Bitcoin Cash price surges to its all-time high on Sunday, overthrowing Ethereum as the second largest cryptocurrency.
Bitcoin Cash (BCH), the product of a previous fork from Bitcoin (BTC) in August, recently skyrocketed in value.
According to experts, the sudden surge in the Bitcoin Cash price was partly due to issues faced by the legacy Bitcoin. The latest involves the cancellation of the SegWit2x hard fork scheduled to take place this November.
The last few days saw the value of Bitcoin Cash jump to ~$600 USD from a $300 USD decline last month. As of Friday, its lowest traded value was around $650 USD. However, Sunday was a historic moment for the struggling cryptocurrency as the Bitcoin Cash price suddenly spiked to around $2,500 USD per coin.#BitcoinCash reached all-time high over the weekend, beating #EthereumClick To Tweet
The surge in BCH’s value allegedly made it the second largest and most valuable cryptocurrency next to Bitcoin, overthrowing Ethereum (ETH) from the runner-up spot. As of press time, one ether is valued at around $314 USD.
Bitcoin Cash’s value is now down to around $1,200 per coin.
Right now, legacy Bitcoin comes in at around $6,300 USD per coin.
Revenge of the Fallen: How SegWit2x Supporters Boosted Bitcoin Cash Price
Cryptocurrency experts speculated that the sudden movement in the virtual currency market was greatly influenced by the disgruntled developers of the SegWit2x who failed to accomplish their hard fork plans. Reports claimed that the said group moved their money over to Bitcoin Cash–whose vision seemingly coincides with theirs.
The SegWit2x supporters, known as the 2xers, wanted to increase the blocksize of Bitcoin to 2MB as a solution to the limited processing capability of the network. Apparently, the current 1MB per block limit of Bitcoin only enables it to process no more than around seven transactions per second. This blocksize issue causes transaction fees to rise, making it difficult to use Bitcoin for small transactions.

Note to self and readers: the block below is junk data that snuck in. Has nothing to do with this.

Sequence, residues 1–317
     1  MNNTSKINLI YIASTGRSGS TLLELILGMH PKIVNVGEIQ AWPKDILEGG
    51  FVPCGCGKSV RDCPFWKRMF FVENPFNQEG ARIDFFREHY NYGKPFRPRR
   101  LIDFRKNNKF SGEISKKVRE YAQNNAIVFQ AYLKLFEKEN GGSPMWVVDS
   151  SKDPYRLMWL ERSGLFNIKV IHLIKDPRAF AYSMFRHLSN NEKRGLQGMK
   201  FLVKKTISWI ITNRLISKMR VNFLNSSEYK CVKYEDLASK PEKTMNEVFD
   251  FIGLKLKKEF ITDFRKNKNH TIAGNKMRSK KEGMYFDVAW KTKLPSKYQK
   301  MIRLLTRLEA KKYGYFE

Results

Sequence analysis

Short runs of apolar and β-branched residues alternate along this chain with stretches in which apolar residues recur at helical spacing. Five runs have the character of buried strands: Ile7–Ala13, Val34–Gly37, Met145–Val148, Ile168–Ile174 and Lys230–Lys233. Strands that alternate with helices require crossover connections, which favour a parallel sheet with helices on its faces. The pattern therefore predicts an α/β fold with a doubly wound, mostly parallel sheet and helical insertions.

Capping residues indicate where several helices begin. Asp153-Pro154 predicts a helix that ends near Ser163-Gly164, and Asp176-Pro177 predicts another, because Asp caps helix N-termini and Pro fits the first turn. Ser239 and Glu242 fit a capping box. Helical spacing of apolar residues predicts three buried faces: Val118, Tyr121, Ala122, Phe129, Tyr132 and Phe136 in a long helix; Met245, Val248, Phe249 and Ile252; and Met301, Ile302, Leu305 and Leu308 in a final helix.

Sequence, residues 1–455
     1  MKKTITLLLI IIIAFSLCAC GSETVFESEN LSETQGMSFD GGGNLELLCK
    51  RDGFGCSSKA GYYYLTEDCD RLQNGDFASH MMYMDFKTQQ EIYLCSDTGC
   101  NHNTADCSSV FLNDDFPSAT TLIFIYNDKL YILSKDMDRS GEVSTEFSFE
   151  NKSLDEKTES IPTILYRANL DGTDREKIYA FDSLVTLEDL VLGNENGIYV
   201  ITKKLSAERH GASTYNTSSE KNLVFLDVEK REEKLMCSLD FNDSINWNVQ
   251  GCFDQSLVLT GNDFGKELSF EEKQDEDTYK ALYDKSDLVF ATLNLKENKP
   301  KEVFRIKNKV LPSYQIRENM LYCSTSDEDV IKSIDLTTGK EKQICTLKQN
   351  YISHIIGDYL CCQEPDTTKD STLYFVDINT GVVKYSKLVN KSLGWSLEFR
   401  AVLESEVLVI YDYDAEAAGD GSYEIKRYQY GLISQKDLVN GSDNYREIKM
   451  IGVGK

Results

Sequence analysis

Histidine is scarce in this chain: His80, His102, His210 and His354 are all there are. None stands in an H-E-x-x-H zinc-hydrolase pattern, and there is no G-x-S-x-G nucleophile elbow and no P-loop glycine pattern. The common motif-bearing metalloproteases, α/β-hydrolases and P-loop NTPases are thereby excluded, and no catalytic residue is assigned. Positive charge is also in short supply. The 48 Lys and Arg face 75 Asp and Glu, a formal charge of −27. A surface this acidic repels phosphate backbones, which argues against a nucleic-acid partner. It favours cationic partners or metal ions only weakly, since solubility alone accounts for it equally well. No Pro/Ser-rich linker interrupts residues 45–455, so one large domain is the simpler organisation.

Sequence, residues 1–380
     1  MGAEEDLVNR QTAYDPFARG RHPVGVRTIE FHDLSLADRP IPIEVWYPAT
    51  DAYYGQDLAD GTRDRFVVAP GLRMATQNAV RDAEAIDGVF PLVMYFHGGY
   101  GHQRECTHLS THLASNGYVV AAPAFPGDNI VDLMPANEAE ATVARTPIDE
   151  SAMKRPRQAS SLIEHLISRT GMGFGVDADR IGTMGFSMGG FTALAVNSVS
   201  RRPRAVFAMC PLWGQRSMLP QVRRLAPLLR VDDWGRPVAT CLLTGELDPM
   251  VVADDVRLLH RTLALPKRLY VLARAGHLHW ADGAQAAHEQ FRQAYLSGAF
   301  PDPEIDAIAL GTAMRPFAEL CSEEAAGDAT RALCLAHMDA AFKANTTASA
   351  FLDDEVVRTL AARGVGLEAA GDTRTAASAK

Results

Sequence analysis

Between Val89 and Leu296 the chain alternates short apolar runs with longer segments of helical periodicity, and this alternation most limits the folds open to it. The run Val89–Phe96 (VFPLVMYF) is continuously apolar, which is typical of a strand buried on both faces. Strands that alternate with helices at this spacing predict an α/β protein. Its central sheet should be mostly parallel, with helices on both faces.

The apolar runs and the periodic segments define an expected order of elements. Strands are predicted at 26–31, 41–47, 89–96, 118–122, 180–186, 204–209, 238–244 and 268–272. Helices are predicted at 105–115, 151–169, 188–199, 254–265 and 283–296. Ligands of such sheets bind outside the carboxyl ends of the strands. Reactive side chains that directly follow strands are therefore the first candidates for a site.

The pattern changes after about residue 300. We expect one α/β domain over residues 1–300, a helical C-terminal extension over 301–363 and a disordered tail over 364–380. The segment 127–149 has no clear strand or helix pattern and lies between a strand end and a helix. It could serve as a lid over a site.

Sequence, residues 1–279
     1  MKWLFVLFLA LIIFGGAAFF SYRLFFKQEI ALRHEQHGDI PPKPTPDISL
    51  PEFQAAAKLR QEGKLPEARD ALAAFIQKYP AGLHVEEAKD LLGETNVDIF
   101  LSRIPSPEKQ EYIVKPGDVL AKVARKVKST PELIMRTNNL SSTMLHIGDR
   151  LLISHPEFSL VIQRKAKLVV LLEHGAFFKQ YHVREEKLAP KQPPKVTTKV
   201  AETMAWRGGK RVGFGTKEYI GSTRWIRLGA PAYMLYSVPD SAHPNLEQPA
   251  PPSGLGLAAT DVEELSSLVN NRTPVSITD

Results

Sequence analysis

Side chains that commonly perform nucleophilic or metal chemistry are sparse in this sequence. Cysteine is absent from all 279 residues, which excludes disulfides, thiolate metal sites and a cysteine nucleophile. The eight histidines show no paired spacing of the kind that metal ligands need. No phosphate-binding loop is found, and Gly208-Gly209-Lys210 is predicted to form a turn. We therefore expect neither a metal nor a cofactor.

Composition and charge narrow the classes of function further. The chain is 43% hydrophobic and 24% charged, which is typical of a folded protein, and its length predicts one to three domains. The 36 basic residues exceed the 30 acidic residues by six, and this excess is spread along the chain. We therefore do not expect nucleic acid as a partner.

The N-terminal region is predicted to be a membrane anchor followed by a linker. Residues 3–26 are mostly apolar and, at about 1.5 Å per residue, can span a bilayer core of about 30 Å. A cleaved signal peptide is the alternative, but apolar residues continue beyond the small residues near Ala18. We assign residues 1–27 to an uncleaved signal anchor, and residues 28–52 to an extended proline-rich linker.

However, the 1exers, or the people who opposed the SegWit2x hard fork, believed that allowing transactions to flood the network would defeat the purpose of Bitcoin’s decentralization. According to them, SegWit2x would make it difficult for ordinary miners to participate in the network’s clearing process.
The 1exers supported the Segregated Witness soft fork back in August which helped squeeze more transactions in each block. SegWit moves cryptographic signatures outside the 1MB block limit and temporarily brought some ease to the transaction congestion that plagued the blockchain for months.
In the weeks leading up to the SegWit2x hard fork, markets appeared to indicate that BTH would retain control of around 85% of the cryptocurrency’s value while the 15% would go to the SegWit2x proponents. On Wednesday, the team eventually canceled the hard fork and Bitcoin on the same day reached a new all-time high.
A few days after SegWit2x opposition celebrated their victory, the story suddenly changed over the weekend as Bitcoin slumped (a little) while the Bitcoin Cash price surged.
Kyle Samani, a managing partner of MultiCoin Capital, wrote in a message to Forbes:
“There were lots of Bitcoin Cash whales who were in early on Bitcoin who were waiting to see what would happen with 2x. Now they’re making their move. They’re dumping BTC for BCH….I know many Bitcoin OGs who have dumped $10m+ of BTC for BCH … Turns out there were a lot more BCH ideologues than we all thought.”
Samani also confirmed that Multicoin sold BTC for BCH in the last 48 hours.
“Ideologically, I gave up on Bitcoin long ago but I’m a fiduciary now so I have to make money on the swings,” Samani said.
Jihan Wu, CEO of Bitcoin mining equipment Bitmain, wrote on WeChat:
“Right now we have both BCH and BTC, but we believe BCH has more potential.”
On the other hand, Samson Mow, chief strategy officer at Blockstream and a Bitcoin evangelist, was not impressed with the surge in the Bitcoin Cash price. He told Business Insider:
“[Bitcoin cash] is just being pumped as many other altcoins have been in the past, and inevitably the pumpers will cash out. The pump is already losing steam and can’t be sustained because there’s no real market for [bitcoin cash].”